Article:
Earlier this week, Ghosts of DC received a generous invite to tour the 9:30 Club. To some GoDCers, it might come as a shock that we haven’t yet written about this hub of the local music scene. It wasn’t the lack of content or stories, but the overwhelming volume of music history that made it impossible to choose one.
The legendary establishment doesn’t deserve just one post, and this post likely won’t do it justice. So, hopefully, this will be the first of a number of 9:30 Club posts.
If the walls of the 9:30 Club could talk, you would likely be entranced for hours with stories of Rage Against the Machine, Bob Dylan, Chuck Brown, The Smashing Pumpkins, Fugazi, Radiohead, R.E.M., Radiohead and the legendary James Brown.
Upon entering the club — by the way, it looks dramatically different during the day, empty of concertgoers — I was greeted by Lisa White, the club’s music booker and, given the wonderful tour I was given, resident historian of the club. Soft-spoken, with a sprinkle of aptly timed F-bombs peppered throughout her stories, she recounted dozens of memories from her 21 years working there, plus a few more from her days attending shows in the early 80s.
The Godfather of Soul
James Brown in 1973
One of the more entertaining stories Lisa shared was about James Brown. The “Godfather of Soul” had played to sellout crowds at the venue, including a number of occasions during the building’s former life as WUST Radio Music Hall. The hardest working man in show business brought his hot pants, gravity-defying dance moves and trademark hairdo.
Speaking of that hairdo, it didn’t make itself. It took hours of painstaking hair engineering to create that unnatural helmet of hair. Plenty of chemicals, hair straightening techniques and, most importantly, a professional-grade hooded hair dryer.
James Brown’s hair dryer at the 9:30 Club
Each time Brown showed up to perform somewhere, he required a hair dryer as part of his contract and each time, 9:30 Club rented one to satisfy this requirement. Well, after two times, they decided it would be cheaper to just buy one for the venue.
Talk about a ghost from 9:30’s past. Lisa generously obliged my curiosity and had the dryer displayed in the venue’s entrance. In front of me stood a direct link to James Brown’s perfectly coiffed hairdo. Fascinating. I can mark this as yet another thing that I never thought this blog would lead to.
The best part? You too can see the Godfather of Soul’s hooded hair dryer and under no circumstances should you pass up the opportunity to see this bizarre piece of D.C. music history.
Lisa informed me that this Friday, the hair dryer will be making a special and prominent guest appearance on stage with Fatback. The local DJ group will be spinning up some thumping beats and soul-funkin’ bass to celebrate (or mourn) the end of summer. The event is appropriately named Hot Pants, in honor of the late James Brown … hence, the creative connection with the historic prop.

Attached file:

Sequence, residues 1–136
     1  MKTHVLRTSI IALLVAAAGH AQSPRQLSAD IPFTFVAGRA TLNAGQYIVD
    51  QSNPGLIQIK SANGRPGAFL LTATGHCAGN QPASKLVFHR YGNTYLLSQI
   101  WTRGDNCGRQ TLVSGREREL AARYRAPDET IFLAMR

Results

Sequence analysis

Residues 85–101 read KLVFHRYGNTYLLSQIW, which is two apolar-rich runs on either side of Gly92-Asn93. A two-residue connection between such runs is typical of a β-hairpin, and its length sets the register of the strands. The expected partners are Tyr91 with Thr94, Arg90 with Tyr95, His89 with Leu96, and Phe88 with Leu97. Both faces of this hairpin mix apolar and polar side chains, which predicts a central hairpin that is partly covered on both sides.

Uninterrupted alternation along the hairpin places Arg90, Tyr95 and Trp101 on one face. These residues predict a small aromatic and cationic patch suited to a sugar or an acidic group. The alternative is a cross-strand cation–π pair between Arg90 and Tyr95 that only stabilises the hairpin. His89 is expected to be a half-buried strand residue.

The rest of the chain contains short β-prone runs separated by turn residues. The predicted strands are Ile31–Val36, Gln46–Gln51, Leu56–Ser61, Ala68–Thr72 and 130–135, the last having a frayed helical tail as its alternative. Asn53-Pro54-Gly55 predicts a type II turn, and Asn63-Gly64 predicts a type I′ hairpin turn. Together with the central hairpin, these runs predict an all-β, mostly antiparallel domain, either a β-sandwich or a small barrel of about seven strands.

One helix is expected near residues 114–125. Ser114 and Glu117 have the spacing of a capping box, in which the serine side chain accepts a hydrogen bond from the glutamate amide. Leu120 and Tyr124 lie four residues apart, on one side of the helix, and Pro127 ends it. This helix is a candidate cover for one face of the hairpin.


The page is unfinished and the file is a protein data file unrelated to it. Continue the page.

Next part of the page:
WaPo’s Going Out Gurus even featured it, so we can be sure the floor will be packed with people breaking it down (BTW, Ghosts of DC sucks breaking it down). Go down to the 9:30 Club yourself to see it in person. I’m told there will be a special surprise to incorporate it into the show.
And now for a little documented proof, courtesy of The Smoking Gun. Check out a copy of James Brown’s contract rider, mentioning the hair dryer (among other, slightly diva, requests).
James Brown contract rider (source: thesmokinggun.com)James Brown contract rider
I was going to add a few more 9:30 Club stories in here, but I’d never get this post published, so I’m going to save a few of Lisa’s stories of punks, skinheads, stabbings, shootings, raves and Marion Barry for future posts. Thanks for a treasure trove of content Lisa!
Before I wrap this up, I’d like to emphasize to some of the newer D.C. residents that 9:30 is not referring to the time (though it would appear that way). The origin of the name traces its history back to the original location at 930 F St. NW — ironically, now a J. Crew. When you shop at J. Crew, know that some serious D.C. music history took place on the spot where you’re buying your chinos.
You may read on the Interwebs that the club originally opened at 9:30 pm, but Lisa confirmed that this is just an urban myth. The digital-looking 9:30 logo dates back to the beginning of the club in 1980, when digital clocks were growing from tech novelty to mainstream adoption.
WUST Radio Music Hall in 1986 (source: Flickr user Michael Horsley)